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GOCO Salve - good for what ails you

GOCO Salve – good for what ails you

Basically it is equal amounts of the 3 ingredients, blended together in your blender/food processor. Rub it on chests, feet, sinuses, in noses, in ears. Great for colds, flu, athlete’s feet,  – “whatever ails you”!

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The recipe is 3 Tbl. of each. Melt your VCO. Blend your garlic with the oils – blend it up good. Put it in a jar.

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Here’s how I did it:

GOCO Salve

Measure 3 Tbl. VCO into a small glass jar with a wide mouth. (Thanks Angie for the baby food jars! They are coming in handy.)

Pour very hot water into a small bowl. Set jar of VCO in the bowl of hot water to melt the VCO. NEVER microwave VCO.

Mince fresh garlic with garlic mincer/press. It’ll take approx. 3-4 heads to get 3 Tbl. I got about 1 Tbl. per head of garlic.

Put melted VCO, minced garlic, and 3 Tbl. olive oil into food processor (or blender.) (3 ingredients, 3 Tbl. each – easy to remember recipe!) Process until garlic is very fine, and mixed in.

Pour into small jar. Cap.

Let set out on the counter for a few hours – to really infuse those oils with the garlic. I then refrigerated it (as I think you’re suppose to). But I keep it out of the fridge when actively using it – fridge makes it TOO hard, IMO.

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More info at Jacque’s website, where I got the original recipe. [website no longer available] We’ve used fresh garlic, and garlic/olive oil for years, but are new to the addition of VCO and its great health benefits added to these. I’m glad to have this, but not hoping we get to try it out soon.

*Note: I haven’t figured out why it is called GOOT – Garlic, (Olive) Oil, (VC) Oil, ?? What am I missing here? Thus my name GOCO = Garlic – Olive – Coconut Oil.

Country Pot Pie – Friday Food

fridayfood2.jpgAnother request from Lisa. And another that works great in the crock pot.

Country (Veggie) Pot Pie

Saute in 3 Tbl. olive oil (organic, extra virgin):

1 small onion (organic), diced

3 stalks celery (organic), chopped

In large stock pot or crock pot add:

  • 8 cups diced potatoes (organic)
  • 2 cups sliced carrots (organic)
  • 2 cups peas (organic – fresh, shelled if available, otherwise frozen)
  • 2 tsp. dried parsley (non-irradiated, organic)
  • 1 tsp. dried basil (non-irradiated, organic)
  • 4 cups vegetable broth (or pure water with Rapunzel vegetable bouillon)
  • squirt of Bragg’s Liquid Aminos
  • sauted onions and celery

Cook until veggies are soft.

Stir in: 1/2 cup whole wheat flour (fresh ground, organic), shaken in 1 cup pure water to thicken.

S&P if desired.

If made in a stock pot, transfer to casserole dish or 9×13. (If made in crock pot, you can leave it there.) Top with Biscuits. To serve place biscuit on plate (we slice them in half), then ladle veggies on top of it.

We always make lots of extra biscuits to eat with butter and all-fruit (no sweeteners or additives) jam, with this. Also a nice green veggie salad.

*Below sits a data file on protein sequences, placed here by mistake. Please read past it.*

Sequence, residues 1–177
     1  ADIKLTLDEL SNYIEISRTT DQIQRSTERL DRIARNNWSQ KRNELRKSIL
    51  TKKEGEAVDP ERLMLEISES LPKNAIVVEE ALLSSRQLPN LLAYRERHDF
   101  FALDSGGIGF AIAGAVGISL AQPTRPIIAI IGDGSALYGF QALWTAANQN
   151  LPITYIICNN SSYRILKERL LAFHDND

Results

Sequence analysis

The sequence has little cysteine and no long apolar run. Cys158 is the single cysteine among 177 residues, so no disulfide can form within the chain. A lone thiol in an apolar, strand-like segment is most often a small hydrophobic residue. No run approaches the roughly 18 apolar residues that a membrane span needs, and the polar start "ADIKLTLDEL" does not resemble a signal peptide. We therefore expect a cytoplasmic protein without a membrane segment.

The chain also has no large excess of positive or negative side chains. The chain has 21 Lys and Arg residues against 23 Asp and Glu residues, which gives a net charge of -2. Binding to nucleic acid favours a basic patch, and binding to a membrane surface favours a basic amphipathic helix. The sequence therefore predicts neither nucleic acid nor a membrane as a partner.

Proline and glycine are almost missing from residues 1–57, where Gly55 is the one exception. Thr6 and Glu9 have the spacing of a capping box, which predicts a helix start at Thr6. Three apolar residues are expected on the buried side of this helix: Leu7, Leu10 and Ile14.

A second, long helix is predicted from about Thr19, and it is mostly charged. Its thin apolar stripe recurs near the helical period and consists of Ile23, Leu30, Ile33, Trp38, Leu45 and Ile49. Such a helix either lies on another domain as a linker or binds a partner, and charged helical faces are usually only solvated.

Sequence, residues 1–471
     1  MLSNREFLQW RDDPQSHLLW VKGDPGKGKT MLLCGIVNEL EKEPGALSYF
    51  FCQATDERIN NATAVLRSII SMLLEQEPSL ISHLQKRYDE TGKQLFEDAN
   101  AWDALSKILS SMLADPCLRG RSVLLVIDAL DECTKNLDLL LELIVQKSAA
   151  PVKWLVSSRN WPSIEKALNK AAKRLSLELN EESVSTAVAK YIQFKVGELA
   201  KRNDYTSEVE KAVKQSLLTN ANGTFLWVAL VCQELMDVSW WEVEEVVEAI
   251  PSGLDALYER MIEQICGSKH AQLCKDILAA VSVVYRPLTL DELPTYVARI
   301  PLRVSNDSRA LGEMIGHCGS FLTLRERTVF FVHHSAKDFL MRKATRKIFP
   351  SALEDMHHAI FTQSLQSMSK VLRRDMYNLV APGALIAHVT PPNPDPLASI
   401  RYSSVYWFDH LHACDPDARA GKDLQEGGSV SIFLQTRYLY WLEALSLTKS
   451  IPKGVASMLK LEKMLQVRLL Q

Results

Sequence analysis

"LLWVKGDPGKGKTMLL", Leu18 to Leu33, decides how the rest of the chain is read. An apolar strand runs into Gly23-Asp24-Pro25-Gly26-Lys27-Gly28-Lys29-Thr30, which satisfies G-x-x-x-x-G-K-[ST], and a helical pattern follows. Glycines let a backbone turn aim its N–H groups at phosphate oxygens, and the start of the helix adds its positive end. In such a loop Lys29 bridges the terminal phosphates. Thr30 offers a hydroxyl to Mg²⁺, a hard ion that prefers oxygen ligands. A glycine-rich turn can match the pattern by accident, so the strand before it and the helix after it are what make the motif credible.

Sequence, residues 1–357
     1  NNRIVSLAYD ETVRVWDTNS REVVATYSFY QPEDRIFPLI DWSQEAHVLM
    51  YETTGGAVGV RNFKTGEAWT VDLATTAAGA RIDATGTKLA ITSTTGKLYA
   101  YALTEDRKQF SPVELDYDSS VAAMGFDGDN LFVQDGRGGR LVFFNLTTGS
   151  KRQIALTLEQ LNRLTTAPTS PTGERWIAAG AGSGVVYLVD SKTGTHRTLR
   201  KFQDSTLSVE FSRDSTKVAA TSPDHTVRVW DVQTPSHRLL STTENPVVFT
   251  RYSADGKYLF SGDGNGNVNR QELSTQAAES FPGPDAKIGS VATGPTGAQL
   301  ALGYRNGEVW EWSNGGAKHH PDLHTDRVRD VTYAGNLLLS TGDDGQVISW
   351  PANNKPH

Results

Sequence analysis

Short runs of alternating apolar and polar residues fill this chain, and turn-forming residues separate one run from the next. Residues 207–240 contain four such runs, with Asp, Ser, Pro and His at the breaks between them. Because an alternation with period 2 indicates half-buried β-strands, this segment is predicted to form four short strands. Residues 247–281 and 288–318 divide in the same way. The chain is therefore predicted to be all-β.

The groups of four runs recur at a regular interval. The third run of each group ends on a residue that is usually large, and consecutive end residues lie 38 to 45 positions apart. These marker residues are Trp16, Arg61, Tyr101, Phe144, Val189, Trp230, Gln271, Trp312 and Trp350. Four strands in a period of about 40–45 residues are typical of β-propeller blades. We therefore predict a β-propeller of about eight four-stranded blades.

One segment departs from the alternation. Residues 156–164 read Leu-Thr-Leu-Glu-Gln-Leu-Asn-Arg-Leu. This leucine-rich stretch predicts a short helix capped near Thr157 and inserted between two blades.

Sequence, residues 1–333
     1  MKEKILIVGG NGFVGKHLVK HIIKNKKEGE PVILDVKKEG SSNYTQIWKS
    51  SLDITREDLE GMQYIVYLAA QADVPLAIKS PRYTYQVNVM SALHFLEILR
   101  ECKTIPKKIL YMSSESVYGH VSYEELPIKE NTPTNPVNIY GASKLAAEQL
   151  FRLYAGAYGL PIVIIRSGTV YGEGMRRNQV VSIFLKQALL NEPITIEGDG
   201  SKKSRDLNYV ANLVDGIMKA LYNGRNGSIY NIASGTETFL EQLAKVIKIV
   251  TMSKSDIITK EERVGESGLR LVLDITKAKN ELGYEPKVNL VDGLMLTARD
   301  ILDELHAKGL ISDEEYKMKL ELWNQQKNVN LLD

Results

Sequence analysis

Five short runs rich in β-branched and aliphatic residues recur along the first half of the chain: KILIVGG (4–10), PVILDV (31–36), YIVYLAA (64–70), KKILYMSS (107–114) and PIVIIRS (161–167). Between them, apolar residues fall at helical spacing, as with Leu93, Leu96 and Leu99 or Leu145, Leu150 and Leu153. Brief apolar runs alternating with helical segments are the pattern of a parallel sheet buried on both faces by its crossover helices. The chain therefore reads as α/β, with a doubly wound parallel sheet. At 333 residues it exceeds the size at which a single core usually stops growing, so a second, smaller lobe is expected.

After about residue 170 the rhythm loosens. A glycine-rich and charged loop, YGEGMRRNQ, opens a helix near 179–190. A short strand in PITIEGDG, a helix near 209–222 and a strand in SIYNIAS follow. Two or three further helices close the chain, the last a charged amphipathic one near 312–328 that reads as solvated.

Biscuits

Mix together:

  • 6 cups fresh ground, organic, whole wheat flour
  • 3 Tbl. baking powder (non-aluminum containing brand, like Rumford’s)
  • 1 tsp. unrefined salt (Real®, himalayan, or celtic salt)

Cut in:

  • 3/4 cup unsalted butter (organic, if you can)

Add:

  • 2-2 1/4 cups pure water

Stir until ball forms.

Roll 1/2 – 3/4″ thick. Cut into circles (with a glass or biscuit cutter).

Back on ungreased cookie sheet (stoneware is awesome!) for 12-15 minutes at 425°.

Chick ‘n Noodles – Friday Food

fridayfood2.jpgA friend asked for this recipe this week, so here it is. (Just for you Lisa.) But Friday is quickly running out – and so am I, with another busy day tomorrow, so… this will be my regular-way-of-cooking instructions, i.e. no precise measurements.  🙂 We eat this either thickened, and served over mashed potatoes, or thin as chicken noodle soup.

Lisa’s Chick ‘n Noodles

Cook a whole chicken – either in crock pot over night or in boiling water on the stove. After it’s done, because we get really big tender (organic) chickens, I can usually remove the breasts for use in another meal. I de-bone, de-skin and shred the rest back into the broth. (In the crock it will just be the juices, so better for thick chick ‘n noodles – but either way works.)

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Add a diced onion, a few stalks of celery chopped, a couple carrots – chopped or shredded. A small handful of dried parsley (approx 2 Tbl. or so) and about 1 tsp. dried basil. You can also add a couple of cloves of minced garlic, especially if you’re fighting colds and such. Add water to cover and simmer.

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Make your noodles – recipe for whole wheat egg noodles another day. We make ours thick and wide – chewy, like dumplings.

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If you cooked the chicken in the crock pot, add more water to the chicken and veggies, plenty to boil the noodles in. Bring water to a boil. Add your fresh noodles. The flour left on the noodles when you put them in to cook will help thicken it up. If your broth is pretty weak, add other broth or soup stock instead of water, or a couple of Rapunzel vegetable bouillon cubes.

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After the noodles are cooked, you can shake up some (whole wheat) flour in a bit of cold water and stir it in to thicken the broth up more, for serving over mashed potatoes. If making it for soup, use plenty of water/broth, and leave it thin. We usually also add peas, especially if serving it as soup. (2-3 cups maybe) I don’t cook them in it all day (don’t like dull, mushy peas) but rather add them 15-30 minutes before serving. Add salt and pepper, as needed.

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If making thick Chick ‘n Noodles you can do this instead: Boil your noodles in a separate pot of water, with a smaller amount of water in your chicken and vegetables. Add your noodles to the chicken and veggies after they’ve cooked, and enough water to barely cover, bring to a boil. Then thicken this broth.

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Enjoy on a chilly night with homemade whole wheat bread, and carrot/celery sticks.